Philanthropies Director for Microsoft Asia
Daiana leads Microsoft’s philanthropies’ efforts in Asia, leveraging our assets as a company (technology, community investments, people and our voice) as a force for empowerment and inclusion. Her work spans youth engagement, natural disaster and human crises response, NGO capacity building, and accessibility. Daiana holds a PhD in Economic Sociology and a master’s degree in Social Policy and Development from the London School of Economics and writes about innovation policy and on the use of technology in government for peer-reviewed journals, and is a frequent speaker in academic conferences.
1. Tell us about your first job
My parents have a store back home in Montevideo, Uruguay, selling fabric and textiles. When I was in school, around the age of 8 or 9, I noticed that the people who came into the store to buy fabric, also needed buttons and zips. So, I put a little table in front of the store and sold buttons. And at that time, magnets were very popular. People had a lot of magnets on their fridge. I figured I could add a little bit more value and make even more money by pasting magnets at the back of buttons and making them colorful fridge magnets. As you can imagine, I had a lot of ice cream that summer! So that was my first ‘job’ where I made money.
My first official job was in the Uruguayan Foundation for Micro Credits where I sold credit in remote and low-income neighborhoods. Technically, it was my ‘second’ job because I was already volunteering at the same neighborhood in a soup kitchen, so I knew the people, the families, I knew the communities. It was interesting to get into this sort of microfinance space early. Coming from a middle-class family, and being in a job where people ask for $100 loans with a 200 percent interest rate for something that they desperately need like roof repairs, teaches you to have empathy and appreciate what you have been given.
2. Why Philanthropy?
There are two ways to answer this question: why Microsoft needs to do Philanthropy and why I have chosen this role. Interestingly, it is the same answer: because technology can be a huge force for good and through the work we do, we can create “shared value”, generating both social and economic returns. In other words, we can do good while doing well.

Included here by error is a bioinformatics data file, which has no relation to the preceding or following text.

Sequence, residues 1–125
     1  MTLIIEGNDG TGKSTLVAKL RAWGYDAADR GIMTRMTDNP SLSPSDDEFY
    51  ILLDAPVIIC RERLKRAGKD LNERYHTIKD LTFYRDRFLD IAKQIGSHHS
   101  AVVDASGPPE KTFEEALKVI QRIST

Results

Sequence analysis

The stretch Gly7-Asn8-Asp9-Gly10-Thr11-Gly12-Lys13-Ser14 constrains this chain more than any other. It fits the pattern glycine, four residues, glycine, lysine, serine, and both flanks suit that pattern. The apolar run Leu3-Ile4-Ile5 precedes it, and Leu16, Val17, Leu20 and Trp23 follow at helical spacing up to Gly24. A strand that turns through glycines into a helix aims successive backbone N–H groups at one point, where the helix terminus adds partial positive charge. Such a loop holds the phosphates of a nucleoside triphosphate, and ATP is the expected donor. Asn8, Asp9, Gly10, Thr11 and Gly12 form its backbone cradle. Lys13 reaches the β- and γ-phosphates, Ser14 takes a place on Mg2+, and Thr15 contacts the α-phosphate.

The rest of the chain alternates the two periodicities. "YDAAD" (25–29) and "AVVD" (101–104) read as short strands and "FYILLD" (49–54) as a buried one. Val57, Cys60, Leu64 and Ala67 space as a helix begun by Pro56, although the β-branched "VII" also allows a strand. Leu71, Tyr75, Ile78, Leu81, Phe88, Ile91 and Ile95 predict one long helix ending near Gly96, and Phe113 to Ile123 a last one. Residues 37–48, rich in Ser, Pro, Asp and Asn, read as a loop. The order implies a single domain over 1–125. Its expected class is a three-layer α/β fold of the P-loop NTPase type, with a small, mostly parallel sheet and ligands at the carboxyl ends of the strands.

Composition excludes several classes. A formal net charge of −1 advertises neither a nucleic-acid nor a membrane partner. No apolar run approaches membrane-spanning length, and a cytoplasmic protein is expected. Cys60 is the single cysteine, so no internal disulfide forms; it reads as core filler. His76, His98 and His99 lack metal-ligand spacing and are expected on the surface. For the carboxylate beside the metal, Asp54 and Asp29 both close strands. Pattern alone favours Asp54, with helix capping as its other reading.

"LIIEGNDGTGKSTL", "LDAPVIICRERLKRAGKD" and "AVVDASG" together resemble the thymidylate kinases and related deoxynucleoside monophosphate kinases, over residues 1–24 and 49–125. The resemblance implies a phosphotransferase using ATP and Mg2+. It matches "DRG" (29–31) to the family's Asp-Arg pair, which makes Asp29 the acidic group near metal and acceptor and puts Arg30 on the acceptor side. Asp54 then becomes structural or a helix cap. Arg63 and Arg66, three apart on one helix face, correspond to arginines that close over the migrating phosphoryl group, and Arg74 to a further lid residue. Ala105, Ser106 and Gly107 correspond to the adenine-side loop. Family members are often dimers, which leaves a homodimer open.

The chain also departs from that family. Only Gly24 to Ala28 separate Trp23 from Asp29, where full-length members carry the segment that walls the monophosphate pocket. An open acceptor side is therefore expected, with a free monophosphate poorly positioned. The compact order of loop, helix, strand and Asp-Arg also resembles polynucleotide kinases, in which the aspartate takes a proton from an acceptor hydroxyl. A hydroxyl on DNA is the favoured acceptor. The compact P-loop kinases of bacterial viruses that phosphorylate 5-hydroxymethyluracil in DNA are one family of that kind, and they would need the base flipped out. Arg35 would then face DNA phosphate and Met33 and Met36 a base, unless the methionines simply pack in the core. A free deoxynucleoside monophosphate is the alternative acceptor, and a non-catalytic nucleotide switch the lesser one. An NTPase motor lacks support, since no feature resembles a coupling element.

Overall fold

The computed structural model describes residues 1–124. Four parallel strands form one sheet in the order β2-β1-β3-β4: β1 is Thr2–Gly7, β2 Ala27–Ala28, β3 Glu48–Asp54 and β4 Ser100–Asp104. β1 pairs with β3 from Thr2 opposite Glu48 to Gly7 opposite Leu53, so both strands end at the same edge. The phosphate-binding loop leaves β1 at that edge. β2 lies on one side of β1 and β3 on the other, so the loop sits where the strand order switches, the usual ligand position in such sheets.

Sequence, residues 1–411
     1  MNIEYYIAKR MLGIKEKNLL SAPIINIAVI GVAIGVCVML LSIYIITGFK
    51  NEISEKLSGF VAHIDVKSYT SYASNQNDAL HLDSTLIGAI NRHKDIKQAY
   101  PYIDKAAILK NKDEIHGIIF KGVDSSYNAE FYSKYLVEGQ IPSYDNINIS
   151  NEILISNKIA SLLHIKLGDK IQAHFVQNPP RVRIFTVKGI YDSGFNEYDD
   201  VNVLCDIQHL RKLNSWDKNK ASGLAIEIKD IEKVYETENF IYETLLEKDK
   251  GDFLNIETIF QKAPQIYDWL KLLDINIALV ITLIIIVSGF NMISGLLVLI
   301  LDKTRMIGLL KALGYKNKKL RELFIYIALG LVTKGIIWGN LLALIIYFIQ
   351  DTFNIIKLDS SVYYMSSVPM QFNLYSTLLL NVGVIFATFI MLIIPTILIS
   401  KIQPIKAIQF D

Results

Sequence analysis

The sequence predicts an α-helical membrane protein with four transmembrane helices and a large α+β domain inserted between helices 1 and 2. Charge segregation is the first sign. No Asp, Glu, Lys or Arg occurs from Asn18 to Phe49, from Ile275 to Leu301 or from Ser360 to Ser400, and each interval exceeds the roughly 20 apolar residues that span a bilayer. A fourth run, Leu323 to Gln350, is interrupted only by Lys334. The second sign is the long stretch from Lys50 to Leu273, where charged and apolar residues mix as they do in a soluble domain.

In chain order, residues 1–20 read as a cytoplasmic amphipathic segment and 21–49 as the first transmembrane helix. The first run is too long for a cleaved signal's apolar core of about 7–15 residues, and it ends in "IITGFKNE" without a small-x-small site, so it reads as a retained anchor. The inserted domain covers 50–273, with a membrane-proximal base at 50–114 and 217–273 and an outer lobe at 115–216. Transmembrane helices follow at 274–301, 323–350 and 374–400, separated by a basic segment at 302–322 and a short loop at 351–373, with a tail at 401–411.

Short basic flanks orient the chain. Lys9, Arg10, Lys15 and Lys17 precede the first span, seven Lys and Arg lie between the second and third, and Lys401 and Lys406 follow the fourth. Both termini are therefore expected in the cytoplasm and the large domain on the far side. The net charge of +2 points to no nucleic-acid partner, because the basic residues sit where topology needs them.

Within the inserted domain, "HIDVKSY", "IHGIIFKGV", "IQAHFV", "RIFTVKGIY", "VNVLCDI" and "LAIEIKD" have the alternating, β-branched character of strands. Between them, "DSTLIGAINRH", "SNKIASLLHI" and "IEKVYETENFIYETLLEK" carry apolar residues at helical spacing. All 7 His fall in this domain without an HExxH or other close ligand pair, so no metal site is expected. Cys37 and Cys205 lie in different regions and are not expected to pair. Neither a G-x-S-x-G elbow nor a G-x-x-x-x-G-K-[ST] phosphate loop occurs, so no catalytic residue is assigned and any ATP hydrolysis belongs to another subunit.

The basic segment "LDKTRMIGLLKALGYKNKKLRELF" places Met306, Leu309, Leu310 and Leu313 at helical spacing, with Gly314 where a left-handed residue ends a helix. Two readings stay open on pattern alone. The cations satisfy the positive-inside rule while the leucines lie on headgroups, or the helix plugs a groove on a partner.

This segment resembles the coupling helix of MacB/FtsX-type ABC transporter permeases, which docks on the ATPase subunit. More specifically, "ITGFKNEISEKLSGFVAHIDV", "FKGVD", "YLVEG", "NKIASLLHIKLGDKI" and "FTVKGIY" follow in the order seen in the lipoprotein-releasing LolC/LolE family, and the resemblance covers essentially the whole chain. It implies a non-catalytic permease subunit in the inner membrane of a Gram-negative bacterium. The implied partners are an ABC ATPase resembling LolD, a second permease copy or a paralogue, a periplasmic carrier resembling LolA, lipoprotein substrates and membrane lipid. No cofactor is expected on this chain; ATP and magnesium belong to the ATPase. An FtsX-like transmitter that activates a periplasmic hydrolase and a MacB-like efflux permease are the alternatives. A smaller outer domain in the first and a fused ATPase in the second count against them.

At Microsoft, this is our mission. It’s part of our DNA since Gates and Allen founded the company over 40 years ago. At the time, their vision was to democratize computing by putting a PC in every desk. Today, we are doing the same with AI. We are teaching workers AI skills and putting it in the hands of researchers and organizations working to benefit the 1 billion people with disabilities around the world, or solving environmental challenges, like the loss of biodiversity or climate change.
As a company, all of us at Microsoft are working towards creating a future where everyone has access to the benefits that technology provides and the opportunities it creates. Our team works on the “every person” part of the mission statement, focusing on those that the market doesn’t reach. I count my blessings every day because I have a job where I am having a direct and immediate impact on the lives of our young people, educators, entrepreneurs, and maybe even our future leaders.
3. What does leadership mean to you?
A good leader empowers others to do more, to be more, to achieve more. I truly think leadership is all about making others better and having impact that lasts after you’ve moved on.
There are many great leaders at Microsoft that I often learn from (too many to mention!), who work tirelessly to develop their teams’ capabilities, while showing empathy and earning their respect. I also had the fortune of working with an amazing woman leader early in my career and she was a great example of someone who has been able to balance her personal priorities (has three gorgeous children) with a demanding and fulfilling job.
I am trying to bring this type of leadership to my team. I am humbled and inspired by them every single day, and truly admire the knowledge, commitment and passion they bring to work. They tackle their sometimes-difficult jobs with incredible joy, resolve and enthusiasm. I am working with them on growing professionally, developing new skills and deepening their impact, both individually and as a team.
4. Who inspires you?
Through my work, I get to travel to interesting places and meet fascinating people across the region. Some live in really remote locations, others are part of ethnic minorities or indigenous communities. Many have disabilities. Despite their differences, they all have something in common: They have the courage to do something different, to try to learn new skills, to see it through, and come out stronger afterwards.
Let me tell you about Hai. He is from Vietnam and has cerebral palsy, so he can’t communicate verbally. He didn’t feel he had much of a future in his home town and didn’t want to be a burden on an already poor family in a fishing village. Instead, he made a name for himself. He became a web developer, and founded a non-profit that provides computer science training. He now makes three times the total income of his entire family – and he is 23 years old!
Just having the opportunity to hear their stories is incredibly inspirational; if they can do it, if they can have a growth mindset, and a great sense of resilience, we all absolutely can.